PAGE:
One among them, who declined to give his name, said any reduction of Grand Staircase-Escalante National Monument, which President Bill Clinton created in 1996, “would be an improvement.” Those in the massive crowd across the street were paid to be there, he said, and said others had been paid to travel south to Escalante in the past.
Wade Frischknecht, of Salt Lake, also wore a red hat. He stood first among protesters and later crossed the street, where Trump supporters gathered.
“I came to see my president,” he said.
Frischknecht said he supports having federally controlled land in Utah, including monuments and national parks, but added, “I just think 1 million acres is just a lot. I don’t think it needs to be that big.”
Before Trump’s move to revise the boundaries, the two monuments had a combined footprint of more than 3 million acres in southern Utah.
That was the right amount for Rupert Steele, a member of the Goshute tribe. Today’s action is “a bad precedent,” he said.
“If [Trump] can do it here, he could do it everywhere,” he said, “possibly including Indian reservations.”
Some waiting for Trump were protesting the man in general more than today’s actions in particular.
“I am against everything that this president is doing and everything he stands for, said Kerri Hopkins, 38. ”I want to use my First Amendment right while I still have it.”
Hopkins was demonstrating near Welfare Square.
“This is my neighborhood,” she said, “and this is the last place in Salt Lake he would be welcome.”
Ellen Young, 29, also at Welfare Square, said she is “disgusted” with Trump, and “everything he stands for and is about.”
“I woke up last year after the election and it was a nightmare,” she said. “Why not let him know everything he stands for is just not OK with me?”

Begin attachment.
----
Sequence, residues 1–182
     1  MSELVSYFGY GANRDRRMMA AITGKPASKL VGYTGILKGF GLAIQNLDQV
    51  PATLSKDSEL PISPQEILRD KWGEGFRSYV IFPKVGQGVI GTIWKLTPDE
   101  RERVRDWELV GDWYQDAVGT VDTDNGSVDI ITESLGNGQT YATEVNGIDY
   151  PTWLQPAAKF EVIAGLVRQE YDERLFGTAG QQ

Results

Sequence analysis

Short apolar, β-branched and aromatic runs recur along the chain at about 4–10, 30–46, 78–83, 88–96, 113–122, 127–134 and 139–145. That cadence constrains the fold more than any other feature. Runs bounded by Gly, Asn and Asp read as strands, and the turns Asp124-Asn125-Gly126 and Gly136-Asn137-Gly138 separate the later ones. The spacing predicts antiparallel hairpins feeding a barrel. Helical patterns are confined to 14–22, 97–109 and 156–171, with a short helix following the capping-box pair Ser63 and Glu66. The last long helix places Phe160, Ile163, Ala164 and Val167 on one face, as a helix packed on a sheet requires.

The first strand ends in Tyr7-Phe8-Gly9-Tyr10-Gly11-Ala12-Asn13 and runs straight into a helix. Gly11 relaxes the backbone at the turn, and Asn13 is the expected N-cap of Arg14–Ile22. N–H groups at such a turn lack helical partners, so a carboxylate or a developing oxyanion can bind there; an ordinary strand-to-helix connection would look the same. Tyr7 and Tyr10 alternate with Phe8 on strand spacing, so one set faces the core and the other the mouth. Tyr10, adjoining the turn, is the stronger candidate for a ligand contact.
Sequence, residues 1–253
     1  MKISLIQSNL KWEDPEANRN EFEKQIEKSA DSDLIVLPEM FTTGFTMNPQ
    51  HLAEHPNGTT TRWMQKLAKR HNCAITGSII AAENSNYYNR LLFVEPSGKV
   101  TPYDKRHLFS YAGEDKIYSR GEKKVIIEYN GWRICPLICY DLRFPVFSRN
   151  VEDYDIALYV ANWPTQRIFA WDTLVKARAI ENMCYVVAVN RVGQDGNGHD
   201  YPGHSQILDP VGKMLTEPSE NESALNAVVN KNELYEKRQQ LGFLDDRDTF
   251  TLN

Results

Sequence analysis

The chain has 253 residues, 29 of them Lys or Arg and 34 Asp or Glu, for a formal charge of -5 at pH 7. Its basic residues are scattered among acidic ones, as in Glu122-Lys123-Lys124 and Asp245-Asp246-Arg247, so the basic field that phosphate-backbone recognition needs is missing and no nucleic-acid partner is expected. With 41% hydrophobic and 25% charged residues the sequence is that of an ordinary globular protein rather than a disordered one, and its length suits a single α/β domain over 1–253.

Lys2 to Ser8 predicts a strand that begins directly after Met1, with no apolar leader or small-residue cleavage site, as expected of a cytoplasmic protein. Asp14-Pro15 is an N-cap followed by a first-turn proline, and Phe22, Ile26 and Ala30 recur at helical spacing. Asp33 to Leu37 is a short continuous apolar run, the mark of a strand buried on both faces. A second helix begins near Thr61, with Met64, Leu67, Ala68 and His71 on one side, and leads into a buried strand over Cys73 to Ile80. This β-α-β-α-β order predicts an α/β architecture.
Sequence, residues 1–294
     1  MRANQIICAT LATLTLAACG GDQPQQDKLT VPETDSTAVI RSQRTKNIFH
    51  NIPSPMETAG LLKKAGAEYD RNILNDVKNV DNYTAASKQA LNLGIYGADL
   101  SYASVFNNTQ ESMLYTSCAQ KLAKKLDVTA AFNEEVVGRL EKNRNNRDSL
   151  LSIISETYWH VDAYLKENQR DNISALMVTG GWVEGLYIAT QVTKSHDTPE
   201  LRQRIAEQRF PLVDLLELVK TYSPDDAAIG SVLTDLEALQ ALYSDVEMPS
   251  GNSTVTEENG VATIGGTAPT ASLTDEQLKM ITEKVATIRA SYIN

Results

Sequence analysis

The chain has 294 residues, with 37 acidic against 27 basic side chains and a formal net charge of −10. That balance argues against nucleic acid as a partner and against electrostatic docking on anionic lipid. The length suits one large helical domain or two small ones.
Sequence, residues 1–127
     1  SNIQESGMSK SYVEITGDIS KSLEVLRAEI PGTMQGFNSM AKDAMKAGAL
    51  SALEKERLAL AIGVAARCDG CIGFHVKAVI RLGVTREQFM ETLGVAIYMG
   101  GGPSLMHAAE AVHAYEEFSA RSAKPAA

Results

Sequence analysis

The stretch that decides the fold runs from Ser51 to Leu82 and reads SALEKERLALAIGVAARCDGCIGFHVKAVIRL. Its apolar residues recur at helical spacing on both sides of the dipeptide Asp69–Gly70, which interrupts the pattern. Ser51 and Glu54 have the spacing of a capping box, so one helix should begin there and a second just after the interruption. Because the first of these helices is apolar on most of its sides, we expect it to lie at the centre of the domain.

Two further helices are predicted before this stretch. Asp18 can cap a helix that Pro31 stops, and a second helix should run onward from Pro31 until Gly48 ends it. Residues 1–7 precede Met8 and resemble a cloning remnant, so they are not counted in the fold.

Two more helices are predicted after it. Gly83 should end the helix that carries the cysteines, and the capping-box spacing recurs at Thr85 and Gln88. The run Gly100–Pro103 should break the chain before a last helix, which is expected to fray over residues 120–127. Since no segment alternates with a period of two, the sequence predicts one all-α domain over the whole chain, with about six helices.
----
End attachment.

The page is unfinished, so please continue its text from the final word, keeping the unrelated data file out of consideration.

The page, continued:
Around 12:30 p.m., Trump’s motorcade took him from Welfare Squares to supporters waiting inside the Capitol where he would announce the monuments’ new, smaller boundaries. At the same time, a large group left the Capitol protest area and marched south down State Street.
The crowd of about 500 walked through traffic downtown and stopped in the street in front of the Wallace F. Bennett federal building at 100 South, blocking traffic from all directions. They were chanting against Trump, Hatch and the smaller monuments.
Downtown workers left their offices to watch from the streets as the protesters chanted in the heart of the city.
A police “public order unit” drove up, and several officers with body armor and shields jumped out and walked toward the crowd. Many from the crowd approached the shielded police.
The ensuing standoff lasted about 20 minutes, with perhaps 250 standing in front of a line of officers, still chanting. More police holding shields and wearing armor arrived and joined the line.
Some who were protesting called from the sidewalk for the group to exit the street and move back to the Capitol.
Without any arrests or further clashes, the remaining protesters got on the sidewalk and headed north for the Capitol.
Trump had already left town.